Dogs can be stubborn about taking their medicines. If you don't like having to force it down your dog's throat, there are better ways to convince your dog to take what's good for him. Learn more. READ MORE
One of the liveliest of the domestic cat breeds, the Van's high energy makes it perfect for high energy people. And if you have a pool, you can expect your cat to take dips with you. Learn more. READ MORE
Vitamins and supplements designed to support specific bodily functions for pets are all the rage these days. Does that mean you should also add a supplement to your cat’s daily food? In some cases it can be harmful. Learn more. READ MORE
Pet owners consistently underestimate their pets' true body condition. They also consistently deny the problem of excess weight in their pets. So how does a veterinarian go about addressing it diplomatically? READ MORE
It is not uncommon for dogs and cats to vomit from time to time. They might have eaten something that upset their stomachs, or just have sensitive digestive systems. However, it becomes acute when the vomiting does not stop and when there is nothing left in the stomach to throw up except bile (a yellow fluid). It is important you take your pet to a veterinarian in these types of cases.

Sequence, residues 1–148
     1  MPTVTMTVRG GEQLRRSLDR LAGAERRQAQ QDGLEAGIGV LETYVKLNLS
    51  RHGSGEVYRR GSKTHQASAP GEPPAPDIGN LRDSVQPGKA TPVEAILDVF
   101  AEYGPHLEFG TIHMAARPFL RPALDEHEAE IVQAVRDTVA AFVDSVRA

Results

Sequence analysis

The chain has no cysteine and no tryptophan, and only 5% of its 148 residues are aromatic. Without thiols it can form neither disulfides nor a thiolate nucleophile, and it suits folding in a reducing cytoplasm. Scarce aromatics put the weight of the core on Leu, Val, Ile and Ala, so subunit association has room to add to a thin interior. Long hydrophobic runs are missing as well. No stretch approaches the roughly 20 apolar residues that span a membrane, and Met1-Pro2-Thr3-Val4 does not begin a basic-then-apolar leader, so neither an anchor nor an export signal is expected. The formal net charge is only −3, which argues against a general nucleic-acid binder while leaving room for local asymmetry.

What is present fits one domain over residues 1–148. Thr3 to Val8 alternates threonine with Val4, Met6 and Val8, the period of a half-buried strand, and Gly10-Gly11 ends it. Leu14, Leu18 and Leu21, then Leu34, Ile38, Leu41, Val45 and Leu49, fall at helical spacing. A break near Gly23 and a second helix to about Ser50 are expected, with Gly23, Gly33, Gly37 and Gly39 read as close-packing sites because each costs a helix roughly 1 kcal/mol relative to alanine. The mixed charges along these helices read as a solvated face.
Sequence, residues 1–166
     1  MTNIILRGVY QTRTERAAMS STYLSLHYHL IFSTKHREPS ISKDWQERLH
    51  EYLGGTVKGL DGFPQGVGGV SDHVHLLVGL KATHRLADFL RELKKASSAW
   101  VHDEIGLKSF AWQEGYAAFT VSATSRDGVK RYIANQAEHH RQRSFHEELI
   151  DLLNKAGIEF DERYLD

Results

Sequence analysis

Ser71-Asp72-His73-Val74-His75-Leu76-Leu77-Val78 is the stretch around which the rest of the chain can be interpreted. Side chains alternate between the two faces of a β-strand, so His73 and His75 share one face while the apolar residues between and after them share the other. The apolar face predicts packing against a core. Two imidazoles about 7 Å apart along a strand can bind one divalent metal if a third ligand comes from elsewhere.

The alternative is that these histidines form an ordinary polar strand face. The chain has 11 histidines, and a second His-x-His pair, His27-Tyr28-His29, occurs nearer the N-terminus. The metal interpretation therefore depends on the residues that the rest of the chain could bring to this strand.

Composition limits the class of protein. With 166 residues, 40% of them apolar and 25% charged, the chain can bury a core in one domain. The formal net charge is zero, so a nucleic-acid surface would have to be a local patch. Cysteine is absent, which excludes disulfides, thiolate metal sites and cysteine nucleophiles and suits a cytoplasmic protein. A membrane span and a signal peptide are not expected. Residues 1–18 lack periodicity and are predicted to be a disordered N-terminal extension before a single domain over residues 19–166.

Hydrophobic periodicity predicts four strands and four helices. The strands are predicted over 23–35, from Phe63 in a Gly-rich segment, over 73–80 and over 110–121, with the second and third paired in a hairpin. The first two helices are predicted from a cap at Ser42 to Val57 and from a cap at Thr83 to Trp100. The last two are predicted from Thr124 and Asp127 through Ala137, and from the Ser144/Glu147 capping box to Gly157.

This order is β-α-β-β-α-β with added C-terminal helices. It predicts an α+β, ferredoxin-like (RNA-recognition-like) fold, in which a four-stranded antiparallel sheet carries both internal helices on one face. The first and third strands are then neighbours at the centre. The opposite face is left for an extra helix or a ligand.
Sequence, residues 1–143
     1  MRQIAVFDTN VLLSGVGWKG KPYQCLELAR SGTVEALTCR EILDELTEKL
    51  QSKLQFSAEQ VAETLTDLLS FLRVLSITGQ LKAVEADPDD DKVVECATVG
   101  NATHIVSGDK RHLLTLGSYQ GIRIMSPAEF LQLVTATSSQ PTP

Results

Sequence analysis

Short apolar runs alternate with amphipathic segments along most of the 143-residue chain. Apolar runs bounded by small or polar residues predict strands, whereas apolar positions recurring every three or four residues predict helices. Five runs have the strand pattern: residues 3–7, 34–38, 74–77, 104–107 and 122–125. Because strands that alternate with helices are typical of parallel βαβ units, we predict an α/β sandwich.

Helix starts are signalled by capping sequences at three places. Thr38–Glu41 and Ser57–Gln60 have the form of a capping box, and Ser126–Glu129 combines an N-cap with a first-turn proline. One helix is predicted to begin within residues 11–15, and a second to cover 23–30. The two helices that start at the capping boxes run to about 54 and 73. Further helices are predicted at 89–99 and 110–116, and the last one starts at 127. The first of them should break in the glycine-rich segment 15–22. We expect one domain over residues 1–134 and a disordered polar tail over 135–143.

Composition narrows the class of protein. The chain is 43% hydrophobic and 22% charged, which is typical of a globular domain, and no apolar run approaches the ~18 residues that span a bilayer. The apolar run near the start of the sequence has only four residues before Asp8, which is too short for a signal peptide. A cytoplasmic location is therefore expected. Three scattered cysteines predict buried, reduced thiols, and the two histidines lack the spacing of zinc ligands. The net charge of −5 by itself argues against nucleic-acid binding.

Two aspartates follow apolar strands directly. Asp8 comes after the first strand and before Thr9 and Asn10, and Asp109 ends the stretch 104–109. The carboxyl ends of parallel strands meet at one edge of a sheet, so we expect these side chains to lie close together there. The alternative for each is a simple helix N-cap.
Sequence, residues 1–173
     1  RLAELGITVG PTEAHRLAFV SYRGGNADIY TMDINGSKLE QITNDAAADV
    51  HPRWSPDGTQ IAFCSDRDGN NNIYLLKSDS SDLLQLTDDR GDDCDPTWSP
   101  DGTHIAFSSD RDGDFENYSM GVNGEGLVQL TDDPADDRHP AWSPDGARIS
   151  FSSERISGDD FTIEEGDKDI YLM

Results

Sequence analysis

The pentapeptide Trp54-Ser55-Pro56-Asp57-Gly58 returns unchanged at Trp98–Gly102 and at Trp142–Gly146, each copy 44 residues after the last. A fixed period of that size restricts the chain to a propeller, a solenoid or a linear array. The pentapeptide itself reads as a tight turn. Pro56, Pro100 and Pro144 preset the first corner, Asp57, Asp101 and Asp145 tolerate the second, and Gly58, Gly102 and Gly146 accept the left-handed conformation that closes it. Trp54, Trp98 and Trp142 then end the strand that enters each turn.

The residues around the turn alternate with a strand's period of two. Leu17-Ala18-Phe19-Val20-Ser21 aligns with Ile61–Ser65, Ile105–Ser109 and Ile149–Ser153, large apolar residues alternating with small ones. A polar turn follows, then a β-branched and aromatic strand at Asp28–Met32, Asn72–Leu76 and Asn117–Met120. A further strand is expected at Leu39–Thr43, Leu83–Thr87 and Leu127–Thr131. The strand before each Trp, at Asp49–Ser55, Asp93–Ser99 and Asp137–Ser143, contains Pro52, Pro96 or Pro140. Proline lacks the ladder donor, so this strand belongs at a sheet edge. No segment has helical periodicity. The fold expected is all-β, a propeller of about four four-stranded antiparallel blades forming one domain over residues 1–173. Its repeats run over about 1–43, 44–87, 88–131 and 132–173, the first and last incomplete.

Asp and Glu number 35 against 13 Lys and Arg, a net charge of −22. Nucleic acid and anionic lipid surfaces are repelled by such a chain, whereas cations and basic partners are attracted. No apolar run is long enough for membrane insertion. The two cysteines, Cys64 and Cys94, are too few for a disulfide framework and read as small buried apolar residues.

While vomiting may have a simple, straightforward cause, it may be an indicator of something far more serious. It is also problematic because it can have a wide range of causes, and determining the correct one may be quite complicated.
Bring a sample of the vomit to the veterinarian. If there is a lot of mucus, an inflamed intestine may be the cause. Undigested food in the vomit can be due to food poisoning, anxiety, or simply overeating. Bile, on the other hand, indicates an inflammatory bowel disease or inflammation of the pancreas (pancreatitis). If bright red blood is found, the stomach could be ulcerated. However, if the blood is brown and looks like coffee grounds, the problem may be in the intestine. Finally, strong digestive odors are usually observed when there is an intestinal obstruction.
The veterinarian will generally look in your pet’s mouth for foreign objects that may be wedged inside, such as a bone. Enlarged tonsils are another good indicator for this. The pet’s temperature will be taken and an examination of the abdomen will be done. If it turns out to be no more than a passing incident, the veterinarian may ask you to limit the diet to clear fluids and to collect stool samples over that period as the underlying cause may be passed along in the stool. Occasionally, the animal's body may use vomiting to clear the intestines of toxins.